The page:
COLUMBUS, Ohio (AP) _ State school board members accused the Ohio Department of Education on Tuesday of breaking the law by throwing online schools’ failing grades out of a charter school evaluation this year.
The Plain Dealer in Cleveland (http://bit.ly/1DgBCvq ) reported that the board and state Sen. Peggy Lehner said School Choice Director David Hansen was bound by law to include online school and dropout recovery schools in evaluations of charter school oversight agencies. But the board confirmed Tuesday after questioning Hansen that he left failing grades for those schools out of the evaluations.
The omission boosted the rating of two oversight agencies, which could make them eligible for new state perks.
In his appearance before the board, Hansen said he wanted to look at other schools because online struggles “mask” successes elsewhere. He said he left online schools out because they started receiving low grades after the state altered the grading rules in recent years.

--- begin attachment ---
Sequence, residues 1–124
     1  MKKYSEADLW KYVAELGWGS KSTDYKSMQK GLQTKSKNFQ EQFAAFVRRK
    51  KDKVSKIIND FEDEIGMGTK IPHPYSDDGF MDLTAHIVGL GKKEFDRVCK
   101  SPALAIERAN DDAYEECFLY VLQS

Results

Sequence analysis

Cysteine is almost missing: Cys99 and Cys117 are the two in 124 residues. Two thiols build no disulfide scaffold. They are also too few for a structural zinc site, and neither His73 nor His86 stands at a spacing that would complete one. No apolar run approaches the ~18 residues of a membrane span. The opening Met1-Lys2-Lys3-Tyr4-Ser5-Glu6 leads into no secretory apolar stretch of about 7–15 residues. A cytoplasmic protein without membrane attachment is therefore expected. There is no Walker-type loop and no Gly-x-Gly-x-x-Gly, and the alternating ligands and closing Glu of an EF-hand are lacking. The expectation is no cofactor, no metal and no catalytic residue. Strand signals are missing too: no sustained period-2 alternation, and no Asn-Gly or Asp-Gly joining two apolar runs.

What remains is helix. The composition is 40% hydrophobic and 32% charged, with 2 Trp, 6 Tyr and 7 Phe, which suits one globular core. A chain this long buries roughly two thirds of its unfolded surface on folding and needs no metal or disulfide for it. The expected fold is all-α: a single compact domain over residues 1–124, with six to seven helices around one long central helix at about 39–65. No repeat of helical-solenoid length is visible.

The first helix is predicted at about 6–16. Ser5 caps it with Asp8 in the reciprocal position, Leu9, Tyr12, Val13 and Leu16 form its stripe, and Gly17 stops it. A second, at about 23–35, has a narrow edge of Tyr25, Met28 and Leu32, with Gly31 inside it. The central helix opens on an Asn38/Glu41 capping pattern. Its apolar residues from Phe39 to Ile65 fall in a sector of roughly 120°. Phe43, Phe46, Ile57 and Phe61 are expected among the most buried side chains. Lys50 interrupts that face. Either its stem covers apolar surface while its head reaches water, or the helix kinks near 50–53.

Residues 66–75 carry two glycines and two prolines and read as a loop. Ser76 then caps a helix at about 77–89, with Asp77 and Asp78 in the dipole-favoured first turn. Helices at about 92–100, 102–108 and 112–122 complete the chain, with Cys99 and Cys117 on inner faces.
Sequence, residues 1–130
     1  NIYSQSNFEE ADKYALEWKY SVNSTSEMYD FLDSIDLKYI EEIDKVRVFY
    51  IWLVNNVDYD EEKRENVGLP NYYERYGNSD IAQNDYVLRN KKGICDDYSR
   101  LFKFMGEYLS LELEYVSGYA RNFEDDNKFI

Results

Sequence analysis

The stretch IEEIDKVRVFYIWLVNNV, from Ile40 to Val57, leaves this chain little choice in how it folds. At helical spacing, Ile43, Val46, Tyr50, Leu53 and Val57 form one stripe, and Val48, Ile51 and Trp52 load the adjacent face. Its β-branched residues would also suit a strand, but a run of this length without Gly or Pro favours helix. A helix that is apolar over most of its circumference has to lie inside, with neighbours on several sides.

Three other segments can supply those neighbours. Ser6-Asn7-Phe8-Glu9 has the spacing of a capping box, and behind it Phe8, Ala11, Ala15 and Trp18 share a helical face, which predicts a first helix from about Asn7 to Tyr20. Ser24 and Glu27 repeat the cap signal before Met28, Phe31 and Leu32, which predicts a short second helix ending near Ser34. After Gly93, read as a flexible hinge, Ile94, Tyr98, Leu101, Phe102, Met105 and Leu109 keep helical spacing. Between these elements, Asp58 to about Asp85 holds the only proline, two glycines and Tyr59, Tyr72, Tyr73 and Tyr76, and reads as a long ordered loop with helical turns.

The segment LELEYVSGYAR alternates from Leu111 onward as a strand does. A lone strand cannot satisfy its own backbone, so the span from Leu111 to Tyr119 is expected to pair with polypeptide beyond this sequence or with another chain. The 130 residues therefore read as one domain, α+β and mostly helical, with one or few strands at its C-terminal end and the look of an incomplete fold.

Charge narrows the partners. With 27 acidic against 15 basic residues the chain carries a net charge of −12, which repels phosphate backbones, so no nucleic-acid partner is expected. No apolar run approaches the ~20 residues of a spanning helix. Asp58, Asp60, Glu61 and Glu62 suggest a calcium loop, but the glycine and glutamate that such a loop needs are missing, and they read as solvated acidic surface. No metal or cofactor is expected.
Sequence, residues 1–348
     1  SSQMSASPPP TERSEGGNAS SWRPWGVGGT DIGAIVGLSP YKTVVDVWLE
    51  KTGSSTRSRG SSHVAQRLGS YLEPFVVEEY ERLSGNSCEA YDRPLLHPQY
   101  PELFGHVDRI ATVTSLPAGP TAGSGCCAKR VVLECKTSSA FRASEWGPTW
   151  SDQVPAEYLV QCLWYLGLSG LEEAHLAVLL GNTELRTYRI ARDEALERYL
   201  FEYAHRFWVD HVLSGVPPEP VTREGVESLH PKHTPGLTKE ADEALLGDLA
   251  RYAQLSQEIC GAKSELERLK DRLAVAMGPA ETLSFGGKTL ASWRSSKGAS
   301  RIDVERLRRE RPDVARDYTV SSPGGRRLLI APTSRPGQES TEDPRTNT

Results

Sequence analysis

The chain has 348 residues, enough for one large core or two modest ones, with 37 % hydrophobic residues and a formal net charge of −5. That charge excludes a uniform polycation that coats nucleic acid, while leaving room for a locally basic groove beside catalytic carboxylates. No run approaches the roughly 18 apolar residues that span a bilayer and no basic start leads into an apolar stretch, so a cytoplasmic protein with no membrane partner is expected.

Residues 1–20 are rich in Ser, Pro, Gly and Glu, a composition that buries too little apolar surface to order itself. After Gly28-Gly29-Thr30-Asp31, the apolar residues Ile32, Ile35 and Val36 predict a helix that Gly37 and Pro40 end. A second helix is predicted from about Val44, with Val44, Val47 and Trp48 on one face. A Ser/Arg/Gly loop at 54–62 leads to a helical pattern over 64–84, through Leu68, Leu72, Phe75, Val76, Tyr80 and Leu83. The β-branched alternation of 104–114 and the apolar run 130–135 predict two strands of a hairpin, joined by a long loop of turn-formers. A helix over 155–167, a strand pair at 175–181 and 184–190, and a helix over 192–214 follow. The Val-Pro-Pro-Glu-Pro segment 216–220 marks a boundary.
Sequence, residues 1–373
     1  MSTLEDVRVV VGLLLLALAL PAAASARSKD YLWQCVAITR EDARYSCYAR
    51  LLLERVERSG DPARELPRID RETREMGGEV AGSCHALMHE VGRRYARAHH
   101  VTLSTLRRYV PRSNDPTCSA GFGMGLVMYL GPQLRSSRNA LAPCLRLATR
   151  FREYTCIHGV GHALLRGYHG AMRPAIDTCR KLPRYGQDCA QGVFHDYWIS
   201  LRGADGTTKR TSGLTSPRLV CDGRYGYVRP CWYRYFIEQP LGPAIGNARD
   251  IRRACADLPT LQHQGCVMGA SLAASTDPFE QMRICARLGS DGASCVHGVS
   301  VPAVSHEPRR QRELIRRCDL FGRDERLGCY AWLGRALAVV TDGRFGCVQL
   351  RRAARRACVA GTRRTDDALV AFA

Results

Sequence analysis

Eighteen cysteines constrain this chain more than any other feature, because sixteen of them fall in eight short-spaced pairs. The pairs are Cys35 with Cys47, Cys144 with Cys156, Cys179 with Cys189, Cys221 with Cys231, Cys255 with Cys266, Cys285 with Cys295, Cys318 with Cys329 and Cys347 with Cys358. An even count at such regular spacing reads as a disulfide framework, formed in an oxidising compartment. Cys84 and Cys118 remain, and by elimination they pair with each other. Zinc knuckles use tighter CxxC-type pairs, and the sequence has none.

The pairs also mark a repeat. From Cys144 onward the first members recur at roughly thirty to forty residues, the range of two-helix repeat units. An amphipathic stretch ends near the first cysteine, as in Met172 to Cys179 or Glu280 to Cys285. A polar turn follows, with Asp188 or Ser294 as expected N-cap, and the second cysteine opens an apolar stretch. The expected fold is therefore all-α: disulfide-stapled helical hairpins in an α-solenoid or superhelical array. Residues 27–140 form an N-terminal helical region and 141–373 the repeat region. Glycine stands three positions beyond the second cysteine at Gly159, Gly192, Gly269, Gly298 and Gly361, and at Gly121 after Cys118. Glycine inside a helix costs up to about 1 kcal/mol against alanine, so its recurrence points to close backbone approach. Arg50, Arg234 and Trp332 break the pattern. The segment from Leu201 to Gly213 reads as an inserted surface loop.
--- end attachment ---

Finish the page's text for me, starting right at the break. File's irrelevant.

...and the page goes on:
But board President Tom Gunlock said Hansen’s reasons don’t matter and he must obey the law.
“If you don’t like the law, change it,” Gunlock said. “Until such time, you have to obey it.”
State Superintendent Richard Ross said in a statement that online school and dropout recovery school grades would be included in the future.
“We will include academic performance data of e-schools and dropout prevention and recovery schools in our evaluation process as soon as we get the data we need from the 2014-15 school report cards,” he said. “This evaluation process is still new, but we will work to get it right.”
Gunlock said he and Ross would discuss how to handle the completed evaluations that would be affected by the exclusion.